Hundreds of people suffering from Atrial Fibrillation (AF) will benefit from a clinical trial underway at the Royal Adelaide Hospital (RAH), which researchers hope will lead to a reduction in hospitalisations and deaths from this common heart condition.
You may remember reading about Professor Jeroen Hendriks’s new appointment as Cardiovascular Nursing Chair. His role is co funded by The Hospital Research Foundation Group* and Flinders University and is the first academic cardiac nursing role to be established in South Australia.
Since his appointment, he has worked hard to establish an Integrated Care (iCARE) AF Clinic which is based on the concept of integrated care using a patient-centred approach to educate and empower people who have AF.
AF is the most common heart rhythm disorder and is characterised by an irregular and often rapid heart rate that can increase the risk of strokes, heart failure and more.
Prof Hendriks has established a multidisciplinary team including a cardiologist, nurse, the patient and their carer, to provide a comprehensive treatment approach.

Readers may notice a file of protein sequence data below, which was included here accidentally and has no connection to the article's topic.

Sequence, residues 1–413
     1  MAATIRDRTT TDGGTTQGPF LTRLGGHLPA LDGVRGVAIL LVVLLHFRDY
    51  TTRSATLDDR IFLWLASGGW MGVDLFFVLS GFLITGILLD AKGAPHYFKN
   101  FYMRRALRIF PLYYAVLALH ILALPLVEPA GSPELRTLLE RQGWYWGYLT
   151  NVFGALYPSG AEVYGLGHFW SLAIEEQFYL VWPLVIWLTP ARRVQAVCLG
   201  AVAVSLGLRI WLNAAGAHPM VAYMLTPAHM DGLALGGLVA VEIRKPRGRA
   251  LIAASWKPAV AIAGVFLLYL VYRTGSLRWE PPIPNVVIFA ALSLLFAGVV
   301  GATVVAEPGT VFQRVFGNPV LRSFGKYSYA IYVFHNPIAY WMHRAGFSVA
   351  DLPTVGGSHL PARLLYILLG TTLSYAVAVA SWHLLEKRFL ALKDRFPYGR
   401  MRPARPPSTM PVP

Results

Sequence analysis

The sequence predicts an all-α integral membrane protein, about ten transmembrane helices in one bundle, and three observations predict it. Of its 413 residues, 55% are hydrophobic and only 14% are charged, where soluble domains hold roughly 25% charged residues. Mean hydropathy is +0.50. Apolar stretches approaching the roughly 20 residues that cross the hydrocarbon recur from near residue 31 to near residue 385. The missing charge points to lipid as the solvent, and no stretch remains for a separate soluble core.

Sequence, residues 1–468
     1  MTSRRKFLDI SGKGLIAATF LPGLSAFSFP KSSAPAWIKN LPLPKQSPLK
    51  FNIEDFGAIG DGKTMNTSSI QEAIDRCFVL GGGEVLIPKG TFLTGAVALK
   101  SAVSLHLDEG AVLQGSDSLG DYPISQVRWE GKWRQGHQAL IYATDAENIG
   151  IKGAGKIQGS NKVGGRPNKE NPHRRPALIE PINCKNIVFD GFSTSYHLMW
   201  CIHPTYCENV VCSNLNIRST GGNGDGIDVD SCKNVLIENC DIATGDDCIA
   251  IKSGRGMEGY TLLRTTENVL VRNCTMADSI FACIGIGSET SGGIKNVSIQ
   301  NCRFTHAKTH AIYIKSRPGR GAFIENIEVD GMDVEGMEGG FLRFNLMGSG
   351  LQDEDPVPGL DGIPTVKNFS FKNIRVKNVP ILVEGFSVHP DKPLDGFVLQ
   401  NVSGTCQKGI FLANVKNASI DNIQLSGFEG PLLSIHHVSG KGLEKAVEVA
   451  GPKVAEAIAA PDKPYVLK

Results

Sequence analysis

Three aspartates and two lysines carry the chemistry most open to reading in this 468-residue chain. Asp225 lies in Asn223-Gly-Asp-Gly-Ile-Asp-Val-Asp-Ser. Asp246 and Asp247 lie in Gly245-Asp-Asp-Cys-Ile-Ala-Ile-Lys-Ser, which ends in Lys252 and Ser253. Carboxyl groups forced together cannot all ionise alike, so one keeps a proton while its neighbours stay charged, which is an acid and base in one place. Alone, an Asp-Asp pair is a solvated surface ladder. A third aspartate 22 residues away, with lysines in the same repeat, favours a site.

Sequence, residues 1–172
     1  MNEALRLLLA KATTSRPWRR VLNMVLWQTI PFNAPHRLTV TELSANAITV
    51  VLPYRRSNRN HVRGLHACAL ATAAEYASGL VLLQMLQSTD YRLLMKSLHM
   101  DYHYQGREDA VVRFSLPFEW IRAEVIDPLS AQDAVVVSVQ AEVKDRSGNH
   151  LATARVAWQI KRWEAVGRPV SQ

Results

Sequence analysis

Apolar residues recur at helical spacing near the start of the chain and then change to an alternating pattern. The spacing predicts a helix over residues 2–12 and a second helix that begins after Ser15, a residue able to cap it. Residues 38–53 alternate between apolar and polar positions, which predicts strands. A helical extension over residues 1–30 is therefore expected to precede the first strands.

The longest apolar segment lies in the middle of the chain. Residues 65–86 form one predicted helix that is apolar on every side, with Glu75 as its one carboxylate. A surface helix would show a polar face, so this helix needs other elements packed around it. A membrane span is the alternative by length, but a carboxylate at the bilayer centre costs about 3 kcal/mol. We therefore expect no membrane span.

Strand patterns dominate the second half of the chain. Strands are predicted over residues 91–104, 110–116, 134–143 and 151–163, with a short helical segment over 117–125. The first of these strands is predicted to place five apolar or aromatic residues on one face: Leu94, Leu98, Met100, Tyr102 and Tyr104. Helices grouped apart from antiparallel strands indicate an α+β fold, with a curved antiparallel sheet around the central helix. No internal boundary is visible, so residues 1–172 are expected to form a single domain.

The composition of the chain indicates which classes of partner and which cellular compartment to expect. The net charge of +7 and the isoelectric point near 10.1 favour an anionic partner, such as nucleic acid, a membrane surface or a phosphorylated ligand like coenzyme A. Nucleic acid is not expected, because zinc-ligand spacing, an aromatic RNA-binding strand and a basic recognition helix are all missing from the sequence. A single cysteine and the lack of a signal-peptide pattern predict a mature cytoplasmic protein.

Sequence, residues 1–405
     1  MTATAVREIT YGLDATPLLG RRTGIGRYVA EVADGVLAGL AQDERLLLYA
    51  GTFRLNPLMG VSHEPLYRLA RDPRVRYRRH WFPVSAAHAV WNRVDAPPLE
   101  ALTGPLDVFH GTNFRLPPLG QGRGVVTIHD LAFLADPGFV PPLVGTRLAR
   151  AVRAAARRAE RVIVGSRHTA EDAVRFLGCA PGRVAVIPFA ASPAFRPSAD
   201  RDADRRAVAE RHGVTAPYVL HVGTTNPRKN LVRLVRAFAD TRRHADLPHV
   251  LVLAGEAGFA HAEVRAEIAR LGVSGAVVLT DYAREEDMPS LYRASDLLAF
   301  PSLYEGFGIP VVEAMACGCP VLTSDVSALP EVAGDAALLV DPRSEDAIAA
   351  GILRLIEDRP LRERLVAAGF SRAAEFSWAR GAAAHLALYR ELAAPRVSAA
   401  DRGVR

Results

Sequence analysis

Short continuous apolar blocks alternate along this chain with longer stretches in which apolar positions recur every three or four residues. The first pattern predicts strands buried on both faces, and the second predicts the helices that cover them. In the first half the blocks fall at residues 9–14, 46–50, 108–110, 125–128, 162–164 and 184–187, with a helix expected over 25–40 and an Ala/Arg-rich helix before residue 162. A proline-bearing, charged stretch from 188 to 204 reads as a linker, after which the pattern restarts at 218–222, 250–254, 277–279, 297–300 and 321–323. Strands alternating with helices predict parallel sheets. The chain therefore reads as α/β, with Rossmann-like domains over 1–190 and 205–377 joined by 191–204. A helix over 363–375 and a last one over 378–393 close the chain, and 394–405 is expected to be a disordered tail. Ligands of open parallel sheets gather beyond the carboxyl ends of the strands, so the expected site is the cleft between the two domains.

“Our team identifies risk factors, such as obesity, sleep apnoea, high blood pressure or diabetes and puts in place a comprehensive treatment plan covering these aspects,” Prof Hendriks said.
“The use of new technology also plays a key role, with decision-support technology guiding the clinical team through the care process.
“Patients use an app on their phone or iPad, which provides them with information on AF, the symptoms and treatment, as well as on risk factors and how to modify their lifestyle. They can also input incidents of AF and any other symptoms they are experiencing, which can then be discussed with the iCARE-AF team.”
Expanding Heart Care
Prof Hendriks spent most of 2020 working remotely in his hometown of The Netherlands due to the COVID-19] pandemic. He arrived back in Adelaide at the end of 2020 and since then, he’s been working hard on the clinical trial.
The trial is currently tracking 1,400 AF patients for two years and is underway at two iCARE-AF clinics in metro Adelaide, at the RAH and the Cardiovascular Clinic at Norwood.
In 2017 and 2018 there were over 72,000 hospitalisations for AF in Australia and the condition was associated with 9 per cent of deaths in 2018.
With Prof Hendriks’s research plans, his long-term goal is to implement the clinic at other sites and one day, potentially nationwide!
*AHR is part of The Hospital Research Foundation Group.